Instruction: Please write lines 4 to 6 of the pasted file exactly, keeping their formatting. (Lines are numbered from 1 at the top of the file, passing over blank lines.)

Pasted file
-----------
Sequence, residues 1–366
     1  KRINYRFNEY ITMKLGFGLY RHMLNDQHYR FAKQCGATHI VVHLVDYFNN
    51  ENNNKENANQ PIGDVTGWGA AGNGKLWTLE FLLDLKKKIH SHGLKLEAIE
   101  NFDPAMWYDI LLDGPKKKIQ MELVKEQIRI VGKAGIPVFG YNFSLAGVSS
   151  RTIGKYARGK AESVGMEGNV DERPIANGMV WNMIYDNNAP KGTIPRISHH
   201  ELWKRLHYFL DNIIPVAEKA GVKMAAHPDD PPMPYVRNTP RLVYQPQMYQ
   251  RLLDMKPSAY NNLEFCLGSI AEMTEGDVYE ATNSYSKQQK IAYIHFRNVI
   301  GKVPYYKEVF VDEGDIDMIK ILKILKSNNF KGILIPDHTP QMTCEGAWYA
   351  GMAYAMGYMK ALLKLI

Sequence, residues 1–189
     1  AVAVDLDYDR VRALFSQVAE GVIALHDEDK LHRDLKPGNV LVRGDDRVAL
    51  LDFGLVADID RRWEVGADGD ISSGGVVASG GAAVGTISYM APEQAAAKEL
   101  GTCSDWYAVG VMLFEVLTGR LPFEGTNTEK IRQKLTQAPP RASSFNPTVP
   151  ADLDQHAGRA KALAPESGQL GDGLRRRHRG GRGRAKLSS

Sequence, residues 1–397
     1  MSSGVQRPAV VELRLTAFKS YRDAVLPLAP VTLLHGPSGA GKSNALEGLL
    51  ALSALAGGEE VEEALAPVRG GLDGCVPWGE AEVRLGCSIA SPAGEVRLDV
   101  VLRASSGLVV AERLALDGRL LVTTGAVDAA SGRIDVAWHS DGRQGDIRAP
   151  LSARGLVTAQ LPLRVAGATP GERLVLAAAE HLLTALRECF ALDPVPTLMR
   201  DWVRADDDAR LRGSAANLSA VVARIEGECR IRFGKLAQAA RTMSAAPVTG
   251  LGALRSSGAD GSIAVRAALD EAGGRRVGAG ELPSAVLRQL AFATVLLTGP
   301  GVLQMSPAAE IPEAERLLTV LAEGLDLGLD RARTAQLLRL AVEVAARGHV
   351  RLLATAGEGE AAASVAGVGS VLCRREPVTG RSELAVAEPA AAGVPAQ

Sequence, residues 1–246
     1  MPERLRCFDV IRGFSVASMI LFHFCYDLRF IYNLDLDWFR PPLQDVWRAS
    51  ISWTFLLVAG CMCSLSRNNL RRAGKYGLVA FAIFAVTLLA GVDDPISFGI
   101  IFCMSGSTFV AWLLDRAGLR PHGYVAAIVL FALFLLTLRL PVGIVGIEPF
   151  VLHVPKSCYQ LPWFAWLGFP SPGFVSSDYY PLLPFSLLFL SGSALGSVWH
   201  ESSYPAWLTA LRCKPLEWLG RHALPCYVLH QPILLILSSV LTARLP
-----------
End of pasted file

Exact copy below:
   101  NFDPAMWYDI LLDGPKKKIQ MELVKEQIRI VGKAGIPVFG YNFSLAGVSS
   151  RTIGKYARGK AESVGMEGNV DERPIANGMV WNMIYDNNAP KGTIPRISHH
   201  ELWKRLHYFL DNIIPVAEKA GVKMAAHPDD PPMPYVRNTP RLVYQPQMYQ